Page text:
China stands to gain stature, as U.S. President Donald Trump seeks to “represent Pittsburgh rather than Paris,” withdraw from world trade commitments, and play the “America first” role. This marks a sharp shift in atmospherics, since, up to now, those playing by the rules rather than against them have led the G-20, working within the system rather than outside it, and strengthening the global system rather than weakening it.

These machinations will serve as a theatrical backdrop, overshadowing substantive deliberations and debates on issues like climate change and trade, where deep differences exist. Earlier G-20 themes of inclusive growth, sustainable development, trade expansion, and financial stability have been transformed since the United Kingdom Brexit vote a year ago June, which solidified a growing sentiment in the U.S. and other countries that the global economy serves the few rather than the many.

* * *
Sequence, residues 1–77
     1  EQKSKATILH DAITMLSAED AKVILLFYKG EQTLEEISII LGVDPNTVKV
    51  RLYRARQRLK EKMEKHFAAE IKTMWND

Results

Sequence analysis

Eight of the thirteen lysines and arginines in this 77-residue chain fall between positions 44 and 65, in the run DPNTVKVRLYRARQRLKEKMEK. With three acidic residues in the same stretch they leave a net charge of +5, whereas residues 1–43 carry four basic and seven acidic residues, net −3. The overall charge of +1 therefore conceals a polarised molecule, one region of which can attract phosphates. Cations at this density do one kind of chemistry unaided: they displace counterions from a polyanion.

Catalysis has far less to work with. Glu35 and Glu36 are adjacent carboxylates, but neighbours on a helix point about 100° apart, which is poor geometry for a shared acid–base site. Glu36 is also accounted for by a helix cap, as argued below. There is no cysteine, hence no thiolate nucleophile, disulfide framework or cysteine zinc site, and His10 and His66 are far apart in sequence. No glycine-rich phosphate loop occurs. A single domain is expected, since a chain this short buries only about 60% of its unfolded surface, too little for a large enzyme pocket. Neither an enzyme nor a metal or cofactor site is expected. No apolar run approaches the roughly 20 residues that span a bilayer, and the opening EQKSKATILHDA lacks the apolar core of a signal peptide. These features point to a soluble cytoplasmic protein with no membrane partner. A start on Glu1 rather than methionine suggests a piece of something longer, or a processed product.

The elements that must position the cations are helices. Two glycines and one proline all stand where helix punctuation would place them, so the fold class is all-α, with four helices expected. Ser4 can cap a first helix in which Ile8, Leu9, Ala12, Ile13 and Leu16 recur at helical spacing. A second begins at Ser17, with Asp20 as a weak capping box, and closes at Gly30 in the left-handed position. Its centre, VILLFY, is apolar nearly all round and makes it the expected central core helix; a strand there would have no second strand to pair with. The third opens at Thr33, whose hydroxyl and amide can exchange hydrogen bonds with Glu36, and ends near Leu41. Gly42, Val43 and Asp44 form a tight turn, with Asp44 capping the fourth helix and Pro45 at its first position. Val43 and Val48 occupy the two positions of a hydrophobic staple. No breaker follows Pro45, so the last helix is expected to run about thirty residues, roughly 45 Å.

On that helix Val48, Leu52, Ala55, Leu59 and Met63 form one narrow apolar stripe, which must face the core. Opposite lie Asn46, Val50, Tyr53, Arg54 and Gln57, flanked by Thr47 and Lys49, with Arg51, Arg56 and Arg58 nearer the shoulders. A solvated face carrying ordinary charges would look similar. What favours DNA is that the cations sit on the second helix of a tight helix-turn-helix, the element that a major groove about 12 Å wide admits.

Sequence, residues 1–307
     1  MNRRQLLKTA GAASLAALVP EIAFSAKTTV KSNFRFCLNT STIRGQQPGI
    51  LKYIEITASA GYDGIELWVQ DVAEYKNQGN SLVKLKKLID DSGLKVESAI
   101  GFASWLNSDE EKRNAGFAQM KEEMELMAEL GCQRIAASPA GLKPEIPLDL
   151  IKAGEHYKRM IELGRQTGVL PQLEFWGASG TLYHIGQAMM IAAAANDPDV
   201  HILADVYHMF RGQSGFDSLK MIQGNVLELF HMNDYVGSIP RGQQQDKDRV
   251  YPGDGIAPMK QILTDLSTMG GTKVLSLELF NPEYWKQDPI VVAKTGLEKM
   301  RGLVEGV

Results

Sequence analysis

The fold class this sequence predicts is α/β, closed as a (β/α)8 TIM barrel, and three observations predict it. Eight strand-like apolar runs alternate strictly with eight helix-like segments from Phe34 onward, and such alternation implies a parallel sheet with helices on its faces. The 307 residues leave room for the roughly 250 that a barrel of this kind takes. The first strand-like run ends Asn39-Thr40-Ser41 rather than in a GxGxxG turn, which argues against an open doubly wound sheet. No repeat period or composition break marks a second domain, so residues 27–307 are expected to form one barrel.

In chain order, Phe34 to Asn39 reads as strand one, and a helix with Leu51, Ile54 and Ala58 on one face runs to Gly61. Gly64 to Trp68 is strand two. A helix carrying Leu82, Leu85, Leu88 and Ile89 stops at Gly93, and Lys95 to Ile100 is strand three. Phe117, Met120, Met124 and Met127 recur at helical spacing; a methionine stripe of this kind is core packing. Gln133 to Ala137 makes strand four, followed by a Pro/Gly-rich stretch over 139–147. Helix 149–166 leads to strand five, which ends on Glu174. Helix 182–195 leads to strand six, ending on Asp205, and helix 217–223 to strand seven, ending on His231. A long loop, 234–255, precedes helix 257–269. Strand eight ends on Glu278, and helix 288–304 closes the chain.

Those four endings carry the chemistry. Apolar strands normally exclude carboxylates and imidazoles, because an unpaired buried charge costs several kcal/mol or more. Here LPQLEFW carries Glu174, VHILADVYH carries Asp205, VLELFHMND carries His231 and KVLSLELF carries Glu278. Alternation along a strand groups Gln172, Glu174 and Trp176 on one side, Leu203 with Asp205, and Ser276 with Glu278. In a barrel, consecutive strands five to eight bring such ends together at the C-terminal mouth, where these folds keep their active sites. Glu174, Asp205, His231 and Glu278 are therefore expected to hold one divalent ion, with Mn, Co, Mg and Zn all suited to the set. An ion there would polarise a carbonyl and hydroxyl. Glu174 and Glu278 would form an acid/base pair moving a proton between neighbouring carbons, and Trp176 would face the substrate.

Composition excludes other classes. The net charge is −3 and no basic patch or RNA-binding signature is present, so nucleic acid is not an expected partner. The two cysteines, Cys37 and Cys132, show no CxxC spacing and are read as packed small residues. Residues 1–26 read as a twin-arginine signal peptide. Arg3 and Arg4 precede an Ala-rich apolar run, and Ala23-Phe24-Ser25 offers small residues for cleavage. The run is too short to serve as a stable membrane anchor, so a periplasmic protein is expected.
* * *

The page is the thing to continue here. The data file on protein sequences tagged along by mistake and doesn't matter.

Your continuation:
This preoccupation is shifting the G-20’s focus, and a new narrative on sustainable globalization is being reimagined in the following ways:

  • Inclusive growth is not just about how to adjust macroeconomic policies to generate more jobs, but how to achieve structural changes that produce more economic security, greater equality, and social inclusion.
  • Sustainability is not just about how to manage environmental challenges, but is increasingly seen as requiring holistic, integrated approaches to many sectors of the economy, segments of society, and diverse dimensions of environmental imbalances.
  • Making the global economy, trade, and financial systems serve people and society rather than only grow the economy may become the new mantra for managing the global economy.